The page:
Except for the half-baked key fob, tech features are abundant, with keyless push-button start, power seats, good auto a/c with rear vents, the dial-controlled multimedia system, navigation, Bluetooth, parking cameras with sensors, adaptive cruise control, active safety, airbags and all that jazz. The graphics on the screens are crisp and animated, and the speed of functions is reasonably quick. The thumb touchpad on the steering wheel to control those screens is a useful addition.
The 2019 G 500 is powered by the 4.0-litre biturbo V8, good for 416 hp at 5250 rpm and 610 Nm of peak torque from 2250 to 4750 rpm, is paired with a new smooth-shifting 9-speed automatic gearbox. It dispatched the 0-100 kph run in 6 seconds flat on our October run in lukewarm weather. It takes off like a rocket at low revs, but the power tapers off at higher revs. Still, it’s more than enough power for a tall trucklet — feeling too fast even — as you tower high above the road. The AMG version would just be pointless overkill.
It burned 15 litres/100 km (6.7 km/l) of fuel on average during our mixed driving around the city, which is not too bad for a performance truck.
The biggest change for the new G-Wagen is the ride quality. We almost bought an older one, but ditched the idea after experiencing its horrendously-firm ride quality, coupled with immense wind noise and a steering rack so lazy, it felt like churning mud and it also refused to re-centre by itself after a turn. The new one drives like a regular car, with better sound-deadening that makes the cabin decently quiet, new adaptive air suspension that smoothens the ride very well, and moderately-weighted steering that does what you ask it to do while even offering a bit of feedback, unlike modern Mercedes sedans. It’s finally drives like a premium vehicle.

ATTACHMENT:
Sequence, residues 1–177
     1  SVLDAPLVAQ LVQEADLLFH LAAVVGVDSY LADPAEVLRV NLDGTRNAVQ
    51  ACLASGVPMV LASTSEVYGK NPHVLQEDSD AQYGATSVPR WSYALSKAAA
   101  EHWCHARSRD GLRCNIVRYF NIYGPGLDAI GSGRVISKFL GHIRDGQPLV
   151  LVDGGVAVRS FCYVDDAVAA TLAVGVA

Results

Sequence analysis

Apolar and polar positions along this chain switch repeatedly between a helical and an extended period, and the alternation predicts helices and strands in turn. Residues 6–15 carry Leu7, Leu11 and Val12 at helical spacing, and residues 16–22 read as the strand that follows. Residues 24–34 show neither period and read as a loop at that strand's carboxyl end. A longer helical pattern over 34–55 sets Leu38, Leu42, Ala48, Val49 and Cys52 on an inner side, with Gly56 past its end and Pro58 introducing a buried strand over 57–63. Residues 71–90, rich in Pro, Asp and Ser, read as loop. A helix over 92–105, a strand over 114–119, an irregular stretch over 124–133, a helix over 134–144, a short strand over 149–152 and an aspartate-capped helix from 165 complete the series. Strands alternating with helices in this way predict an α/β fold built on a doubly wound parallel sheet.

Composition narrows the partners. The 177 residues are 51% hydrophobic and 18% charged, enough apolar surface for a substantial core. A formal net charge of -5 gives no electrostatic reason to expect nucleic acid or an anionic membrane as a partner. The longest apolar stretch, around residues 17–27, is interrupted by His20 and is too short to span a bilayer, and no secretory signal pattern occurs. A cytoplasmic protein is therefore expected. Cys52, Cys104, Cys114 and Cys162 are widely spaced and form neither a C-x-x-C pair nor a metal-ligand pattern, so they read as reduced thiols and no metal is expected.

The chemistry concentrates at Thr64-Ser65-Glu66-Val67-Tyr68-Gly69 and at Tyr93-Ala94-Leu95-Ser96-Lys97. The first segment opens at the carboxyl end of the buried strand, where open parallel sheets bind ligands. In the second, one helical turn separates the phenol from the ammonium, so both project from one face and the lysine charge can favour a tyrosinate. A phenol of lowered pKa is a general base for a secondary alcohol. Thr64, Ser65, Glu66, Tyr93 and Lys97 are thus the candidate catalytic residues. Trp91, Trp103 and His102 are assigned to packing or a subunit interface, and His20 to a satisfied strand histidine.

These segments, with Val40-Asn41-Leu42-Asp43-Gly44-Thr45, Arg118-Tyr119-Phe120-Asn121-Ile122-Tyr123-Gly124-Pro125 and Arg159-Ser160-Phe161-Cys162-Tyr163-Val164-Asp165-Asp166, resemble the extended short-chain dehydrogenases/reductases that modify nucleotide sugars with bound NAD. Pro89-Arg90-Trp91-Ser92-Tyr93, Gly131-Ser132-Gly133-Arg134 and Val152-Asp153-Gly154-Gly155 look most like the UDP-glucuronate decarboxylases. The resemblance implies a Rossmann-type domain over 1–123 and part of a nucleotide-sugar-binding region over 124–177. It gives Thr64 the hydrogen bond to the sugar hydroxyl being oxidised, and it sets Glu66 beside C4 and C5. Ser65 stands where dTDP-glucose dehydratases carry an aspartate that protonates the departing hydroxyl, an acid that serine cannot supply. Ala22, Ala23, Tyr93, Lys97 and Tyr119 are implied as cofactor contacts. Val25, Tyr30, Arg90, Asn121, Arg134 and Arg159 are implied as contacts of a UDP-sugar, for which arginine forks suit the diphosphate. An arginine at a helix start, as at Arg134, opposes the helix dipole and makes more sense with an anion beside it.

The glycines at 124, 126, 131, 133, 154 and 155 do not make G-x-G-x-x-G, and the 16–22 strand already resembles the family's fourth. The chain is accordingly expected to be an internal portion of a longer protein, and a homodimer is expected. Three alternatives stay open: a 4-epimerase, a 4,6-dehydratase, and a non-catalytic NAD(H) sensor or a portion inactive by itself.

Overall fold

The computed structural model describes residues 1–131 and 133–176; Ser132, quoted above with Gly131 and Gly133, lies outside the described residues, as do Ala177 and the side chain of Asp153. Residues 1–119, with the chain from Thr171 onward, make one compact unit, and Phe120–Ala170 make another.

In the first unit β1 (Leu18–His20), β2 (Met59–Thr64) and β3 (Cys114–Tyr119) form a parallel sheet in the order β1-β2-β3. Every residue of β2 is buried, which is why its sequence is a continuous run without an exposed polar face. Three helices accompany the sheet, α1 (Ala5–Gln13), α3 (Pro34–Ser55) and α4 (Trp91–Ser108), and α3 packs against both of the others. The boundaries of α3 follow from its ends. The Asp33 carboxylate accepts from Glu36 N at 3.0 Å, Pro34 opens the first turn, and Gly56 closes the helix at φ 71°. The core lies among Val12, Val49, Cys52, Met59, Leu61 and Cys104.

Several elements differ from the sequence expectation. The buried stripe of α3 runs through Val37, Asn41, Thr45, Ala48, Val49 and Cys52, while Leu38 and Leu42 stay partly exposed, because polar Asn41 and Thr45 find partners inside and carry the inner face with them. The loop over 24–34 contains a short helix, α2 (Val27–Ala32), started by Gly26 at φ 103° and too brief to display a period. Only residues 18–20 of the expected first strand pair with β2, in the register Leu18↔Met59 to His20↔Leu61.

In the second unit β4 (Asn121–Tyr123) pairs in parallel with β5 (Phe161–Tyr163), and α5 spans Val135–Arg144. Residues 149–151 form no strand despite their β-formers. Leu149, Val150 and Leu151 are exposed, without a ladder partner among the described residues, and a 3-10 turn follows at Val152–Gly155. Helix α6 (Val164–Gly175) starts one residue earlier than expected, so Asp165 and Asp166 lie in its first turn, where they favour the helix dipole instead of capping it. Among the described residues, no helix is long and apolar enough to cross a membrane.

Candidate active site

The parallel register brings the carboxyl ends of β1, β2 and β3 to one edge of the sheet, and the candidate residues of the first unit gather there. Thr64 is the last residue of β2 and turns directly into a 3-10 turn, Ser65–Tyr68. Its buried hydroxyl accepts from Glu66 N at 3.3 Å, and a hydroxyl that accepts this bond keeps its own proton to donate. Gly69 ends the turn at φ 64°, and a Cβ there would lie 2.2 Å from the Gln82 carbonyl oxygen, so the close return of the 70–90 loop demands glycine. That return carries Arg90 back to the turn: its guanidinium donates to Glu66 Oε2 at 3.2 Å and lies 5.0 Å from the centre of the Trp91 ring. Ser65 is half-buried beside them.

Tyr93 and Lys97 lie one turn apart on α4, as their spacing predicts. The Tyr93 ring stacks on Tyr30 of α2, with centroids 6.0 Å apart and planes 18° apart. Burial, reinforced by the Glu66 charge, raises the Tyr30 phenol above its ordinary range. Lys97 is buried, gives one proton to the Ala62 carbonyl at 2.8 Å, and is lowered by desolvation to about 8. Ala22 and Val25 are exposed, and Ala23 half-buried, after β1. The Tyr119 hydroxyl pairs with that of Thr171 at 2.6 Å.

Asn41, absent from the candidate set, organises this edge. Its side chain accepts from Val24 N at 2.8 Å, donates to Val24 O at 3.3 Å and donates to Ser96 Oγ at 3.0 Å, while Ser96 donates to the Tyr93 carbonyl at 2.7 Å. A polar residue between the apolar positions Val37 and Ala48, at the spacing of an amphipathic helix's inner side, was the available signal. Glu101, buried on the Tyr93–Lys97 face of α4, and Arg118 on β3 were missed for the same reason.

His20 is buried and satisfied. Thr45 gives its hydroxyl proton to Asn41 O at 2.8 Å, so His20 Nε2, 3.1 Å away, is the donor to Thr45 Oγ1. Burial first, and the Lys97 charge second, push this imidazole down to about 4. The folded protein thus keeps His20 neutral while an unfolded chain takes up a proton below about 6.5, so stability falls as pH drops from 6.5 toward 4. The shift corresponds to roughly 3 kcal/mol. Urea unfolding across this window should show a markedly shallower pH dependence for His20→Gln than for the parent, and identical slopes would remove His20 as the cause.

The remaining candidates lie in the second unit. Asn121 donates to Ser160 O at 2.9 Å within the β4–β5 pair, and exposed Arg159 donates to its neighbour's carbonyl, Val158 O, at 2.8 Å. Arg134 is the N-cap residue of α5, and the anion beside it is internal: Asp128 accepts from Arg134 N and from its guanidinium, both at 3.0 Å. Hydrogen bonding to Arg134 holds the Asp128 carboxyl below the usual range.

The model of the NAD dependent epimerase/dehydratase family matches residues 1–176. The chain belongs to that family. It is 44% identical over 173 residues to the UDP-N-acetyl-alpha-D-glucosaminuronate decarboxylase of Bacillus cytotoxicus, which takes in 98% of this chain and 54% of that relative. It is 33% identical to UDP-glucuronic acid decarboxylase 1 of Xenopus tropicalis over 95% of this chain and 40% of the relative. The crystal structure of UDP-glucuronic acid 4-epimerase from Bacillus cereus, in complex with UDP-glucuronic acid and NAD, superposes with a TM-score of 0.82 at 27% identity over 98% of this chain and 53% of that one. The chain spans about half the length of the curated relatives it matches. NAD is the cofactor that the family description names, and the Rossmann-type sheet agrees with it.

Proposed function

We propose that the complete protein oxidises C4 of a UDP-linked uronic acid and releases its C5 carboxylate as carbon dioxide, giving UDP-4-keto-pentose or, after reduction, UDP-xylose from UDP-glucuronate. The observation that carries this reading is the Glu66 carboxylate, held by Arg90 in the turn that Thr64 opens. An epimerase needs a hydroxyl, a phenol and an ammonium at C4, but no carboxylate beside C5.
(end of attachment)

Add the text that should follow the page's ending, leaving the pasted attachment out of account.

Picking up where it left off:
The handling is reasonably flat at the chassis level on longer turns, but you still feel tipsy because you sit so high above the pivot point. The car is always stable though, and has good grip in regular driving, but understeers rather early if you push it hard into a corner, with obvious body roll to boot.
There are drive modes now, but they just fiddle mildly with the nature of the steering, suspension, gearbox and pedals. The Sport mode is particularly interesting because it holds gears longer and makes the sweet burble of the V8 louder, although it is audible all the time anyway.
The brakes are much better now, with responsive and well-weighted pedals. The old one felt like you were always one step away from brake failure.
The new G still gets three independently lockable differentials (with prominent buttons on the dash that a typical owner will never use) and a low-range gearbox to go with its all-wheel-drive system, complemented by an updated suspension setup. The front suspension is now independent while the rear remains a solid axle. Approach, departure and breakover angles are improved by one degree. It has all the specs to be a great offroader, but it could’ve been even greater if it had more desert-friendly wheels and height-adjustable suspension, the latter being an odd omission at this price-point.
And indeed, that brings us to the price. It costs about as much as a Range Rover Supercharged Autobiography, which is literally a business jet on wheels. With dealer mark-ups, the Benz costs as much as an off-plan villa in Dubai. And let’s not even talk about the AMG version. The value proposition of the G-Wagen remains dubious, but at least it is now much more palatable than before. For the money, you finally get an almost-proper luxury car and not just a tarted-up work truck.